I arrived at our place in New Mexico last Sunday and have been continuing my projects while here. Old adobe ranch houses require a lot of maintenance, to say the least. There's still plenty to get done before winter comes on, but about as far as I got this time was to gravel the front walk so it isn't as likely to be a path through the big muddy when the rain or snow or slush comes, make arrangements with Critter Control and the neighbor lady to deal with the skunk infestation (this is an ongoing challenge. I will say these skunks are really beautiful, and everyone claims they make great pets if you get them when they're little), and mow some of the dust.
Well, there's been a real drought here, not like the pseudo-drought in California that has had everyone in hysterics for the past year or more. There hasn't been any rain in this part of New Mexico, not even close to normal, though it's been tropical up in Santa Fe, downpours all the time, and our unlandscaped property looked rank and dry and sere. So I mowed the dust. Looks better. I guess. Have to do something about xeriscaping eventually, but I'll have to have more time to do it.
My internet here is now dialup as the source of the high-speed that used to work from time to time has disappeared. I think I know what happened, but cannot be sure. Many of the neighbors have moved, new ones moved in, my next door neighbor is moving out at the end of the month, and yet things aren't really as bad here as in many other places.
It's just that in rural anywhere, but especially rural NM and regions contiguous, it's tough all the time, and when a recession like this hits, it can be devastating.
But to the topic, I was listening to NPR, and one of the local persons had an editorial opinion to the effect that all this hoo-hah over Obama's Nobel Peace Prize was keeping people buzzing, to be sure, but real Worthies weren't being mentioned as substitutes for the President. "Why not?" he said.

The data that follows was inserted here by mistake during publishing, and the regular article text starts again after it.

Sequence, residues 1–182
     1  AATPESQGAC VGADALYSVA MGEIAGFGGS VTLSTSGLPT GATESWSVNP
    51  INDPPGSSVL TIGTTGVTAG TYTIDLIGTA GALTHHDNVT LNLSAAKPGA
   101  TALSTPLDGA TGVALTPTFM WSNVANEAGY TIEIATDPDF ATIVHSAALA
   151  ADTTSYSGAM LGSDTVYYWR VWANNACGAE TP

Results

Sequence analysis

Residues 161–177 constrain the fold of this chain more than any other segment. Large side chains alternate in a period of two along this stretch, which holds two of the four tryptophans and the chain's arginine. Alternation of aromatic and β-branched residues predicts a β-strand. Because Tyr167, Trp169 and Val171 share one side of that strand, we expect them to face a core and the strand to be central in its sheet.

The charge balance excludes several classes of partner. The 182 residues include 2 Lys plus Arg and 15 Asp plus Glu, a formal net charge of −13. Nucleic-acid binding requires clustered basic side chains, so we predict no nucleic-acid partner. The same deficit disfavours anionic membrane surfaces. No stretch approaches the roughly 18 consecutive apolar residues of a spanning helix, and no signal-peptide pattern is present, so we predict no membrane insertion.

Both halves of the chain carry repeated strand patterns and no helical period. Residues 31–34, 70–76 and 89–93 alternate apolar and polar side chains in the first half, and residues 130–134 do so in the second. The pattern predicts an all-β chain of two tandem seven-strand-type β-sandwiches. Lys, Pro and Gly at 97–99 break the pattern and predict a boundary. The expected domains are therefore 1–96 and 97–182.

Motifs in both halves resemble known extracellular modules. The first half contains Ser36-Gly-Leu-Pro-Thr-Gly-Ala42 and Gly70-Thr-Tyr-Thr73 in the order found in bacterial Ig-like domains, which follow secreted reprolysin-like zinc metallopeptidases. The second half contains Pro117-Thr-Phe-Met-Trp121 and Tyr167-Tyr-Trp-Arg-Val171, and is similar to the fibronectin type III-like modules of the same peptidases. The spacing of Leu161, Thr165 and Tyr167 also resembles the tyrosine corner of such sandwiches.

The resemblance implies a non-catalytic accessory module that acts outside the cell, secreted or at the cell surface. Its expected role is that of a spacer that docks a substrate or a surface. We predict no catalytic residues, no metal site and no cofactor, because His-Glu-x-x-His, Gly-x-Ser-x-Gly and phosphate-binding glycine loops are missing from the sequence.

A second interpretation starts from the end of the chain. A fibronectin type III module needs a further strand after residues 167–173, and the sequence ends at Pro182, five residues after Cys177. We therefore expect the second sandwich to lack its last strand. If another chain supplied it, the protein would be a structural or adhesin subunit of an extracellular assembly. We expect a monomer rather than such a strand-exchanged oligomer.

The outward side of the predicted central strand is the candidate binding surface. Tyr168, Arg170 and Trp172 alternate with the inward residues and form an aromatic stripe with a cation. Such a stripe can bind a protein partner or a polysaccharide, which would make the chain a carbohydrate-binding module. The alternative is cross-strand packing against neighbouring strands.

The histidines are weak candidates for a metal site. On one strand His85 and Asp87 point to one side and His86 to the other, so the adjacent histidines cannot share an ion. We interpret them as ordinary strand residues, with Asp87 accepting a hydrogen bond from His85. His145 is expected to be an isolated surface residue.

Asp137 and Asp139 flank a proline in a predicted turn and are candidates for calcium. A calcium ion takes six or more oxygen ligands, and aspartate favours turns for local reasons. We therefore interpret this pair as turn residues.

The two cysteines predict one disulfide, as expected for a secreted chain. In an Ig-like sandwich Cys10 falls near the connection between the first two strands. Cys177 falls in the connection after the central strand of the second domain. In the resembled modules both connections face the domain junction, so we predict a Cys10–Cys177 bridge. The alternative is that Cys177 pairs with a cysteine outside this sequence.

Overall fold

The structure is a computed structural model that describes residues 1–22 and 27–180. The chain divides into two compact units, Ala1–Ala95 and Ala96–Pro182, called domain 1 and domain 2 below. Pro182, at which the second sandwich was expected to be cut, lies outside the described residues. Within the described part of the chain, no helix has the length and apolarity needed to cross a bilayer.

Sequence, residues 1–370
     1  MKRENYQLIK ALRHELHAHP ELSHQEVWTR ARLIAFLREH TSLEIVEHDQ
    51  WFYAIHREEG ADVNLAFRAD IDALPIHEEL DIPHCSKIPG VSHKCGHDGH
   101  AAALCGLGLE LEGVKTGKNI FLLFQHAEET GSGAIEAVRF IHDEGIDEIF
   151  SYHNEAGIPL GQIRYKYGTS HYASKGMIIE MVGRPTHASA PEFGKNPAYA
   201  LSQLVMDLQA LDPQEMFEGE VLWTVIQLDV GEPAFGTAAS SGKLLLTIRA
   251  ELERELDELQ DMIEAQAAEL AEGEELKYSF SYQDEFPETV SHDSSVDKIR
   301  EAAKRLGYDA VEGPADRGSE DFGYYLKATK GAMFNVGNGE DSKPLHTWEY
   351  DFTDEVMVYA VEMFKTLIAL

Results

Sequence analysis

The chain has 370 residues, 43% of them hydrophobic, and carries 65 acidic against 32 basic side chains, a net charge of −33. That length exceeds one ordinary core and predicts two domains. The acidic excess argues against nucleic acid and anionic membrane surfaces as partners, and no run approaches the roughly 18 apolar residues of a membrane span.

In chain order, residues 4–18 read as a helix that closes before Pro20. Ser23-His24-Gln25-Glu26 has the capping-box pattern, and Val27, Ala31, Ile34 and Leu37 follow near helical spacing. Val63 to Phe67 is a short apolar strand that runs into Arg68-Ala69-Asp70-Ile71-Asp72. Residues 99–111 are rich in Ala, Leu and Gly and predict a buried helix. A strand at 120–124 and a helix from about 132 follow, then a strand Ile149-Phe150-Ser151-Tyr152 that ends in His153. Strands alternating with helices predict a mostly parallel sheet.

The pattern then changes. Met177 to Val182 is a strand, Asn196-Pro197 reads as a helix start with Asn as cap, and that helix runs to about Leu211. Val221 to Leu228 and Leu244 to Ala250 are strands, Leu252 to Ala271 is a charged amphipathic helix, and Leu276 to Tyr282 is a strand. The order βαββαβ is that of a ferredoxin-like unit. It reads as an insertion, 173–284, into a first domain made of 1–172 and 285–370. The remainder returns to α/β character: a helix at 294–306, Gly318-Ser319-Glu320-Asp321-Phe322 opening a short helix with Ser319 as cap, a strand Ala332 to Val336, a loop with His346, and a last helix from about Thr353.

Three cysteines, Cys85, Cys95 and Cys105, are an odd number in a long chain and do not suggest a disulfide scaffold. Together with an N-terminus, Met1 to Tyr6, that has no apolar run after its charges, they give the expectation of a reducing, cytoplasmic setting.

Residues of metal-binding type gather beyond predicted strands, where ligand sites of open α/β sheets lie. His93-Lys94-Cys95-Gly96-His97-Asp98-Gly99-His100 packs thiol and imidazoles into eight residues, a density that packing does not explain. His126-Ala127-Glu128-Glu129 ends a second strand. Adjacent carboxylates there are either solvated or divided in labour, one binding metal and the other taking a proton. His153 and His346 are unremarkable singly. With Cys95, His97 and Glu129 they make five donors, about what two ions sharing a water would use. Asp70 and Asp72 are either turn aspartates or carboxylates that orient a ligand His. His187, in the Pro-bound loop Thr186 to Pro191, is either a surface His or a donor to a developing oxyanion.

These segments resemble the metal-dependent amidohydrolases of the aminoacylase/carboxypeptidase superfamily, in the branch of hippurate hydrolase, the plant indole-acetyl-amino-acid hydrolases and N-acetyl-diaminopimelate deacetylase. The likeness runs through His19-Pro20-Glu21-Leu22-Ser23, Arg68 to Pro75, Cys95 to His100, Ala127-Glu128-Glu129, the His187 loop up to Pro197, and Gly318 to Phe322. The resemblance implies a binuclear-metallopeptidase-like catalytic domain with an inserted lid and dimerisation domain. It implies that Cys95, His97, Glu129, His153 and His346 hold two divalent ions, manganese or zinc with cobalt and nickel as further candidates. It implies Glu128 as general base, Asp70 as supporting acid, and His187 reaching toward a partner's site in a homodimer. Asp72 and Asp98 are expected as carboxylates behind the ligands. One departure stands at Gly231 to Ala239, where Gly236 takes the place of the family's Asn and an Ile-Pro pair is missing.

"Why not Bill?" Bill Richardson, Governor of New Mexico, in other words.
The guy went on at some length about all of Richardson's many peace-making accomplishments (quite a list), and yet, he said, nobody much knew about it and it seemed like fewer people cared.
I've got plenty of issues with Richardson (Wen Ho Lee, anyone?), but when it comes to actually doing something, accomplishing something, sticking to something, in the realm of what you call your mediation and your peace, Richardson is right up there with some of the giants in the field, and his neglect (apparently he's been nominated several times) by the Committee tells you pretty much all you need to know about them and what they're up to.
And, no, I don't hold it against them. You see, I don't get a vote on the Nobel Prize Committee, and neither do you (well, I assume!). They make their choices based on whatever they think is important at the time, and they don't consult us about it; they consult one another.
Yes, Richardson is worthy of Honor -- at least for some things -- and there is nothing to stop anyone at all from honoring him appropriately.
Why wait for the Nobel Committee to get its Norwegian ass in gear?
I never understood that.